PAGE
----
When your gut is feeling great, you never think about it—but when it isn’t, it’s hard to think about anything else. The group of microorganisms that live in and make up your gastrointestinal tract plays a role in almost every aspect of your health from preventing chronic illnesses to keeping your immune system humming. So it’s no wonder that when it’s out of whack, you feel lousy.

But what is your gut, exactly? And is it possible to improve your gut health? Here’s everything you need to know.

What is the gut?

The human gut is far more complex than even experts used to realise—it encompasses a vast array of internal organs involved in the process of digestion to absorb nutrients from food and expel waste, explains Dr Rushabh Modi a gastroenterologist. “Typically, this refers to the mouth, oesophagus, stomach, small bowel, and colon with the pancreas and liver being critical as supportive organs that help make digestive enzymes,” he says.

How your gut keeps your body healthy

In addition to absorbing and transporting nutrients to all tissues in the body, the gut is vital for maintaining fluid and salt status and expelling waste, explains Dr Modi. “Many vital nutrients and vitamins such as B12 and iron have specialised transporters that only exist in the gut as well,” he adds. Iron, for example, needs stomach acid to be absorbed effectively—and B12 requires certain receptors in the stomach and mid intestines also to be absorbed. “It's hard to get these nutrients in other ways and they are essential for normal physiological functioning,” Dr Modi adds.

The gut is also one of the body’s primary disease-fighting systems. “The acid in the stomach kills the bacteria and virus that can be accidentally consumed by the food we eat, and the digestive tract is an important way to introduce antigens to mount immune function and protection in the body,” says gastroenterologist, Dr Christine Lee. “The digestive tract also digests the foods consumed and extracts the important nutrients to be taken into the body for essential use.”

Emerging research has even uncovered a link between poor gut health and several neurological conditions, such as Parkinson’s, Alzheimer’s, autism, and depression. One such study by the Université de Genève found that individuals with Alzheimer’s have different types of bacteria growing in their gut than those who do not have the disease.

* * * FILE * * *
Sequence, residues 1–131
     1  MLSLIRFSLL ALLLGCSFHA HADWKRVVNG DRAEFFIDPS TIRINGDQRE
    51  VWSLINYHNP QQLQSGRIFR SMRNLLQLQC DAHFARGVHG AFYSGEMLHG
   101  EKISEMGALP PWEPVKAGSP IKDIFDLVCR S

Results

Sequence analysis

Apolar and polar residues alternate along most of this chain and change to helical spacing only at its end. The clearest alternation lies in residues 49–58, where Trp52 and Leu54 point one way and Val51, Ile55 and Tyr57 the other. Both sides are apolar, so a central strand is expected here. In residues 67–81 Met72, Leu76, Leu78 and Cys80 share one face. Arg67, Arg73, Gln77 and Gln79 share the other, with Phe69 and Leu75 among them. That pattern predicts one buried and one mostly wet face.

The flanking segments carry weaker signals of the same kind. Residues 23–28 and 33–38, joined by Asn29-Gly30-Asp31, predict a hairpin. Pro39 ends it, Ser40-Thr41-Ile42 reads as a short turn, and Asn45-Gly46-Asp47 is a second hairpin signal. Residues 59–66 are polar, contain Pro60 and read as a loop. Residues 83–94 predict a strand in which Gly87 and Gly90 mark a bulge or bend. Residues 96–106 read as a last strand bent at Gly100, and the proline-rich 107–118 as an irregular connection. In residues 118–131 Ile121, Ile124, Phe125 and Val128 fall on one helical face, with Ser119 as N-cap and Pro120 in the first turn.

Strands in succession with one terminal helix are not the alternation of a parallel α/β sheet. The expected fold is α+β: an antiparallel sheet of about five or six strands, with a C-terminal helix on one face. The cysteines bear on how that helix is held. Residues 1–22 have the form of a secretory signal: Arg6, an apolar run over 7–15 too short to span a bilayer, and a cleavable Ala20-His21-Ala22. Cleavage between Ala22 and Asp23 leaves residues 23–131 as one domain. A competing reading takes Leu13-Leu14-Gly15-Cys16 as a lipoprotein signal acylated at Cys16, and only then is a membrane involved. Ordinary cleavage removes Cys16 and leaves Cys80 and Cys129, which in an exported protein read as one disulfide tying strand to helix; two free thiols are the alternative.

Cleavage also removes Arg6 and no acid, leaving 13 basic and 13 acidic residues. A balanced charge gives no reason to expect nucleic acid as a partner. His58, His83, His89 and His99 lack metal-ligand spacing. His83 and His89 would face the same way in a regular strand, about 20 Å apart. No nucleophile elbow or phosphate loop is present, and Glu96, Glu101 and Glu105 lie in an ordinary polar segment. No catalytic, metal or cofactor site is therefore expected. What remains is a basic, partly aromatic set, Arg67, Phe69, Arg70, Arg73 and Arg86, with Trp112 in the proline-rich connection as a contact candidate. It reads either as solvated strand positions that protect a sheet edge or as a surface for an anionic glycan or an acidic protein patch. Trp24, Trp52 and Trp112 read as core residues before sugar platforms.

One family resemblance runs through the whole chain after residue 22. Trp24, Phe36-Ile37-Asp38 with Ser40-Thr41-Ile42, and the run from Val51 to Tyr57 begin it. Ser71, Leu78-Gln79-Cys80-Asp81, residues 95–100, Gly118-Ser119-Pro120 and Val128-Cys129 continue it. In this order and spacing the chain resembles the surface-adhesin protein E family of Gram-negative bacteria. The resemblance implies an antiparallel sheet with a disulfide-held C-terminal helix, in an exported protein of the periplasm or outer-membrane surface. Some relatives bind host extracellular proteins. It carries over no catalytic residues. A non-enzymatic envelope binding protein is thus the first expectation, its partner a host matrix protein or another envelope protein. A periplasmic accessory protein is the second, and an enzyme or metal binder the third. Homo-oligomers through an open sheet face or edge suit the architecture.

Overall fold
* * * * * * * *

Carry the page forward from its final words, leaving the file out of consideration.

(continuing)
8 Signs Your Gut Is Suffering

If your gut is unhealthy, chances are, you’re experiencing one or more of the following symptoms even mildly or infrequently:

  1. Gas
  2. Bloating
  3. Acid reflux
  4. Heartburn
  5. Diarrhea
  6. Constipation
  7. Changes in Stool
  8. Unexplainable weight loss

“Since food digestion and waste production are the two most vital functions of the gut when patients have problems in these areas, the gut can often be the source of the problem,” explains Dr Modi. Acid reflux and heartburn are also associated with the gut, though you’ll feel the pain further away from the core of the problem. Bloating is also increasingly very common to the point that Dr Modi notes that patients almost see it as a normal reaction to eating certain foods.

If you experience unexplainable weight loss, despite eating regular meals, this may indicate your body is not able to digest or absorb the nutrients in the foods you are consuming and indicate there is a problem in your digestive system, according to Dr Lee.

How to improve your gut health

The good news is that there are simple steps you can take to support your gut health. Here are some of the strategies doctors recommend.

Eat a wide range of healthy foods

A diet made up of several different food types can lead to a more diverse microbiome that is made up of more species, according to a review published in the journal Molecular Metabolism. This, Dr Lee explains, strengthens our microbiome and enhances its resiliency.

The best foods for gut health are fruits, vegetables, legumes, nuts, seeds, and whole grains, especially those highest in fibre, which helps your digestive tract work properly. Women should aim for 25 grams of fibre per day and men should aim for 30 grams per day, according to Nutrition Australia